I finally get settled in and discover that the battery in my video camera microphone is dead. Not only had I forgotten to check the mic before I left home, I also forgot to grab some spare batteries out of my main camera bag when I transferred my camera into my camo bag. Crap! Video without sound sucks. What a beginning-of-the-season rookie mistake. I start to beat myself up over it but decide not to let it ruin my day.
Daylight breaks. I listen carefully for the slow crunch, crunch, crunch of deer walking from the nearby field. Nothing. Fifteen minutes go by. Nothing. A half hour. Still nothing. "The deer should be coming," I think. "Did the coyotes run them all out of here?" "Did I pick the wrong spot?" Doubt starts to creep in along with that little gnawing sensation I get when I feel like I've let my son down. I know he has been hunting long enough to realize that you can't expect to kill something every time. I still want him to though. I start to beat myself up again.
A slight noise on the far side of the ridge catches my attention. I turn my head slowly and catch movement in the trees about 75 yards away. All I can make out is legs, but they definitely belong to a deer. Tap, Tap, Tap! I give Hunter our "I see a deer" signal of three raps on the stand with the knuckles. He looks up and I signal for him to stand up and get ready.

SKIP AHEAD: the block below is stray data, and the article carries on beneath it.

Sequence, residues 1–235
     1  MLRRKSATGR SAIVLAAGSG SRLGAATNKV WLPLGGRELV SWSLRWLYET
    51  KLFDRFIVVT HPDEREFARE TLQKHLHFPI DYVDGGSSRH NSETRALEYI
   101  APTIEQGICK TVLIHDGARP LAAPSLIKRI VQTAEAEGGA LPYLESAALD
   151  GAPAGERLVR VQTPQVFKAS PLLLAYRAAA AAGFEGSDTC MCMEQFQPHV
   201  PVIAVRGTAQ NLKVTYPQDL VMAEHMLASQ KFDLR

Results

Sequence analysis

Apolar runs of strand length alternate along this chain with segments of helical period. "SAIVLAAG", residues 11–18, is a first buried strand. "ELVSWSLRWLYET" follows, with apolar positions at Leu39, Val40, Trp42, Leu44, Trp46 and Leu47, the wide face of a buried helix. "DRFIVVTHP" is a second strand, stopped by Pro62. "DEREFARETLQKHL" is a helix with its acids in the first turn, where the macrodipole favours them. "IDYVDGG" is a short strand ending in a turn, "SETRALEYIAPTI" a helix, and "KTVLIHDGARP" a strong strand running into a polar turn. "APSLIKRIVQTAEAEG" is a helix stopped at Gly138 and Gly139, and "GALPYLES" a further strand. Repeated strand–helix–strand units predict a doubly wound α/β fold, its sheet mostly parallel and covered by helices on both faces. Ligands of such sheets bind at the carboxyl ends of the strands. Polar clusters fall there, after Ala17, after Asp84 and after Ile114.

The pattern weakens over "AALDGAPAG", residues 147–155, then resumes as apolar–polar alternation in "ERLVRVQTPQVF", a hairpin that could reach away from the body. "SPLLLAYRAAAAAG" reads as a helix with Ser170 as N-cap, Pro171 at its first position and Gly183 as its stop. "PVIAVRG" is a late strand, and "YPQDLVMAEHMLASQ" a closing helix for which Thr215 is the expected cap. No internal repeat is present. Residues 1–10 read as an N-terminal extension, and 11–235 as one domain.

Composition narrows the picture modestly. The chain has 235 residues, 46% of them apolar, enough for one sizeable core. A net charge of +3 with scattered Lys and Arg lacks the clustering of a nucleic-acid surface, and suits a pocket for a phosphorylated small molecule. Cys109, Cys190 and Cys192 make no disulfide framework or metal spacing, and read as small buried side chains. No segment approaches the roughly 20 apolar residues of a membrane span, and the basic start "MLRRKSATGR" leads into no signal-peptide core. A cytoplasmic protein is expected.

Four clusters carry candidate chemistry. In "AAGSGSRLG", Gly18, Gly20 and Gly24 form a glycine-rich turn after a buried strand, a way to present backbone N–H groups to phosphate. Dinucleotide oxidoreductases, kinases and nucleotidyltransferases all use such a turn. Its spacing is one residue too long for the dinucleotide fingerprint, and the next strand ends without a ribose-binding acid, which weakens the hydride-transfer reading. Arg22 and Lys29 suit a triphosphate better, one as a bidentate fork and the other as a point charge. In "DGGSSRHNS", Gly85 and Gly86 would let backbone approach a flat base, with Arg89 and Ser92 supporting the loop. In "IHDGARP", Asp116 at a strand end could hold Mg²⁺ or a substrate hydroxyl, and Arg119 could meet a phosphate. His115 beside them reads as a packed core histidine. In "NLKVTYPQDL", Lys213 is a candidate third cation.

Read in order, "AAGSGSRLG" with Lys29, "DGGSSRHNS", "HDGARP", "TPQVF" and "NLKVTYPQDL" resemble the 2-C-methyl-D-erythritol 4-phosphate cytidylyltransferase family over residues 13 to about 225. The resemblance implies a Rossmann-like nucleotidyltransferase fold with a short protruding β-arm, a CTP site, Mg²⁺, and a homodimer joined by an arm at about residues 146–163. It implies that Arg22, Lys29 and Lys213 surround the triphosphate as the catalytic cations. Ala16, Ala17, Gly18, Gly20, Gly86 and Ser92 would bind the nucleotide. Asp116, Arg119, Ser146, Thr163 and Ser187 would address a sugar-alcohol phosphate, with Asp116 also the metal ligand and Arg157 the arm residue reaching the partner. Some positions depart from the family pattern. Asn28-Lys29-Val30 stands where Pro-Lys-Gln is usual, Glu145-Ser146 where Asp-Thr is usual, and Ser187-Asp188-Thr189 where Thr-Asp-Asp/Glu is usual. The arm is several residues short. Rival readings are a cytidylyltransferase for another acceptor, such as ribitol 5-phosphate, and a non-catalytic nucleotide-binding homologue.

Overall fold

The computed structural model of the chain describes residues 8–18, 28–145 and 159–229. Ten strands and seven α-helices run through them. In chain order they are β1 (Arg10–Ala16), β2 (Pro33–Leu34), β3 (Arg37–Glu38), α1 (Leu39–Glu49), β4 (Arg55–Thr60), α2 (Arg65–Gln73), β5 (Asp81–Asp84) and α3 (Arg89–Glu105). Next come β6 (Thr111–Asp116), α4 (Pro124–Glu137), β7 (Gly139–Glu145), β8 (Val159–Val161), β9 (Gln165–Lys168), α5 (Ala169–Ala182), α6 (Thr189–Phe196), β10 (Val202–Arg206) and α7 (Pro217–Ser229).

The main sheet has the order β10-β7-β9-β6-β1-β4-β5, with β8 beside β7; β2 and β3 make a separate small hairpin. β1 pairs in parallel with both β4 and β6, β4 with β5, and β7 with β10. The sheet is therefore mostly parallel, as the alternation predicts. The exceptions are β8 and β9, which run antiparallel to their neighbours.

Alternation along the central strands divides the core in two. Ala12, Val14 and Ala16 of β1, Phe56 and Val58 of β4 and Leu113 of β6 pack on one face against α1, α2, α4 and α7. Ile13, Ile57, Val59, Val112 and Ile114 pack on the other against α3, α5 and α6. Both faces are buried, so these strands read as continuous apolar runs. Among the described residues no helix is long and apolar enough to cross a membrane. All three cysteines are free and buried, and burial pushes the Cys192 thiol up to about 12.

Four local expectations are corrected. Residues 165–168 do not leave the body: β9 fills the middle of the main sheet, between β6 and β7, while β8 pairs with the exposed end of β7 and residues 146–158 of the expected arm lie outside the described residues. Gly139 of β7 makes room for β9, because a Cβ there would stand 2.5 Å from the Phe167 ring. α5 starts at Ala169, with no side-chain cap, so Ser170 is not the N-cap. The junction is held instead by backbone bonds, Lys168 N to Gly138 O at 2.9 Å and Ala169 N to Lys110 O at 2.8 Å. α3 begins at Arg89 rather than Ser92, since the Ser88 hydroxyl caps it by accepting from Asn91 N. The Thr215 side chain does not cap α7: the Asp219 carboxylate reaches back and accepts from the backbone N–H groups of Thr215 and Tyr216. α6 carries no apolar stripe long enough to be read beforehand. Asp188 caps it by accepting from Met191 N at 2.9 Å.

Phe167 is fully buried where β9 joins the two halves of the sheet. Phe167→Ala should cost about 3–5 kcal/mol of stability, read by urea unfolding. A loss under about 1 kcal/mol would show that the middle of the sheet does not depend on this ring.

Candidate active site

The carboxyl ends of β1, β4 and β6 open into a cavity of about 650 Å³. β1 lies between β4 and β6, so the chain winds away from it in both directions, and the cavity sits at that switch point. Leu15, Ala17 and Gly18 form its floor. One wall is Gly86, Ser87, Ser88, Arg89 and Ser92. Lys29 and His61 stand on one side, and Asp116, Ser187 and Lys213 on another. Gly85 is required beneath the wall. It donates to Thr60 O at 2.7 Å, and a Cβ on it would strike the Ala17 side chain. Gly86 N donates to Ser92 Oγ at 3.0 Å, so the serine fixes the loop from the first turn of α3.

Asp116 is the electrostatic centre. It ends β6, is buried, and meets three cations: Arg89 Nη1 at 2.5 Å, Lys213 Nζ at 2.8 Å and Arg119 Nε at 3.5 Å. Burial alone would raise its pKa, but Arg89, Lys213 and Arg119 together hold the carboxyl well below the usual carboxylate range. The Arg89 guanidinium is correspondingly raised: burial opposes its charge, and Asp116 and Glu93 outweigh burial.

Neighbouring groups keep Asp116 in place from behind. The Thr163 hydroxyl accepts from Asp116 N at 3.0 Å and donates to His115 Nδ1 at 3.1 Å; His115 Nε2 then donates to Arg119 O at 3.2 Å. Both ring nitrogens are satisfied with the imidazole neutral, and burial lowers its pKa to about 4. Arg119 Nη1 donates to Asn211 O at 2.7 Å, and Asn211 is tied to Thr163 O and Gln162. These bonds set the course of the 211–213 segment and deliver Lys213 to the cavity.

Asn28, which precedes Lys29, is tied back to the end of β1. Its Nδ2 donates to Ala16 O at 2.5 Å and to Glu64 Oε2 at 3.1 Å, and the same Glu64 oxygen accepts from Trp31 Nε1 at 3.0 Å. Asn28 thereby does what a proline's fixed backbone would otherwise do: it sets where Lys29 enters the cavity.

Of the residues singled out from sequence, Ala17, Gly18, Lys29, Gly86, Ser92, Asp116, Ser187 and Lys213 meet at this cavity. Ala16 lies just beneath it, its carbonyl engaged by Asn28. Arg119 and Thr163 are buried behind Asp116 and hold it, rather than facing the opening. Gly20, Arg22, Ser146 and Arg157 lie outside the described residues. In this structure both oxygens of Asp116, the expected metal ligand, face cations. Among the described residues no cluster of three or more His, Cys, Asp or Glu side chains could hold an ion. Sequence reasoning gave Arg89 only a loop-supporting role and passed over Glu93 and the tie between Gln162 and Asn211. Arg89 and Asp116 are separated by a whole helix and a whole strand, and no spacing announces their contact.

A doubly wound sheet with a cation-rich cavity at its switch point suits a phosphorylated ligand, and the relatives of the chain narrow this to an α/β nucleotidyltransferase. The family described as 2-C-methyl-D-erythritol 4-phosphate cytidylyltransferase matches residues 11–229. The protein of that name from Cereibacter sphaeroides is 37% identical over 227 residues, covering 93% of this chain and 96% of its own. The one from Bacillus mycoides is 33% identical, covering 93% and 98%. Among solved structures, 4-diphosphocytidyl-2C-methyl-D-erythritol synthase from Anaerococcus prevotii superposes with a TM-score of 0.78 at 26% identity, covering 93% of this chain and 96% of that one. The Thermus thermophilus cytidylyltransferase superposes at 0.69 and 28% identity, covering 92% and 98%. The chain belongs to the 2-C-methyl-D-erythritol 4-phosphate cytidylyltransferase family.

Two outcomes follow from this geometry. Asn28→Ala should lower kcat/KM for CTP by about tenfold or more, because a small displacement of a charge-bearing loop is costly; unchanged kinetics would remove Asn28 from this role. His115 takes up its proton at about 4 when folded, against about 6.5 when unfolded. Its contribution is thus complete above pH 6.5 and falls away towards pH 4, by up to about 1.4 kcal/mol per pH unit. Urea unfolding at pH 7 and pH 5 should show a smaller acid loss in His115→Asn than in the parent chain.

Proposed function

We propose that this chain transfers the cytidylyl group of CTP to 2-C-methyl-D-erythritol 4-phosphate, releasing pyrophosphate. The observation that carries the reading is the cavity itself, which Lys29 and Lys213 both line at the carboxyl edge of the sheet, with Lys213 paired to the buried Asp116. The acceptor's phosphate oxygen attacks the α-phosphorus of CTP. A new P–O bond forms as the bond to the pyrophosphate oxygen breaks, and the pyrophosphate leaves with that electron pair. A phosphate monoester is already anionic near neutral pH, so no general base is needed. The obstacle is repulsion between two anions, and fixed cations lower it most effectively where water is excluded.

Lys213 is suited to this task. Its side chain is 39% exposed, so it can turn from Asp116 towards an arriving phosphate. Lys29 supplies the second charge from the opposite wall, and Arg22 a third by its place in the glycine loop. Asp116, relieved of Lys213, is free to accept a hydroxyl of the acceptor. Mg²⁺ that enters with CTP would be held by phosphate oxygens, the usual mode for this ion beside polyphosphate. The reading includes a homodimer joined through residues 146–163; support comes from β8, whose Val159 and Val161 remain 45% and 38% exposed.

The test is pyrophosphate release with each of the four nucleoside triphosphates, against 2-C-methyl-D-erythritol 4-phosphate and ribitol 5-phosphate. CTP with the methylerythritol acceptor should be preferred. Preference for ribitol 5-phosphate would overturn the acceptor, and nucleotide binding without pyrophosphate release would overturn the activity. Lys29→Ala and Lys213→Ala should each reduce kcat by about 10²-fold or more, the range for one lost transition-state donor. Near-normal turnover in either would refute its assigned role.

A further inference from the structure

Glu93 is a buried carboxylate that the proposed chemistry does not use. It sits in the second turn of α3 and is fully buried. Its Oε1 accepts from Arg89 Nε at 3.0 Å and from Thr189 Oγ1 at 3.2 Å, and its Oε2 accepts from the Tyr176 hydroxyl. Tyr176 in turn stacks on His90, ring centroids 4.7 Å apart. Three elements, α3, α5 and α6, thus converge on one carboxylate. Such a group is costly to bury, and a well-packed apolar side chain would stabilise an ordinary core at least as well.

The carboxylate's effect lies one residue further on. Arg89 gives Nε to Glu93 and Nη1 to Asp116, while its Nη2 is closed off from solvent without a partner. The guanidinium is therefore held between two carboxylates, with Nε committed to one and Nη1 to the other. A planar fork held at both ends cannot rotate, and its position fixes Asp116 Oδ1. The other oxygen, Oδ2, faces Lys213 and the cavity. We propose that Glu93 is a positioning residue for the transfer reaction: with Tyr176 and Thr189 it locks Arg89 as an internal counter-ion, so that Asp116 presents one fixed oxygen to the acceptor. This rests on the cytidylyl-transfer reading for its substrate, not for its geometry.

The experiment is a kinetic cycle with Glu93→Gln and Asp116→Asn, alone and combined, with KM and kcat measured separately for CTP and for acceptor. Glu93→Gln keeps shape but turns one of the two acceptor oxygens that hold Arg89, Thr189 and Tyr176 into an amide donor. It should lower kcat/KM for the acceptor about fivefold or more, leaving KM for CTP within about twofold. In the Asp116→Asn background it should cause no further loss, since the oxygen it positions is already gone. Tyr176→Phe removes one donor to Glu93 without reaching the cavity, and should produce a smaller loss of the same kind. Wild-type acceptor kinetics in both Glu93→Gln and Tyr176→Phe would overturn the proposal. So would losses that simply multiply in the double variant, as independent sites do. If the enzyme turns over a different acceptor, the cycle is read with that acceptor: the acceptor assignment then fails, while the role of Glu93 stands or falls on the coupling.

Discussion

I fire up the video camera and zoom in on the deer. Holy Crap! He's huge! He feeds around on acorns exactly where I expected him to be. Notice my flagging tape/reflective tack marker on the white oak tree in the foreground of this frame I grabbed from the video.
At one point, the deer looks straight at us and I just know we are busted. By that time, I'm twisted around shooting over my left shoulder and my ab muscles are starting to scream while I struggle to hold still. The camera moves up and down with each breath I take and there is nothing I can do about it.
Meanwhile, Hunter is caught with his bow arm fully extended ready to draw. He has to remain that way the entire time the deer is looking our way.
Eventually the buck continues moving to our left. I run out of flexibility to keep turning with him and I can't see the viewfinder unless I adjust my position. Rather than take a chance of spooking the deer by moving I decide to just zoom out and hope that the wider view will capture the action.
Just seconds later, the deer steps into an opening 35 yards away and Hunter lets an arrow fly. Here's the video.
"Oh... My... Gosh," said Hunter after the deer had run off, "that was the coolest thing I've ever done! My kneecaps are shaking so hard I can barely stand up. Now I get what you've been telling me about what an adrenaline rush bowhunting is. That was unbelieveable."
I just smile and try to pretend I'm less shaken up than him.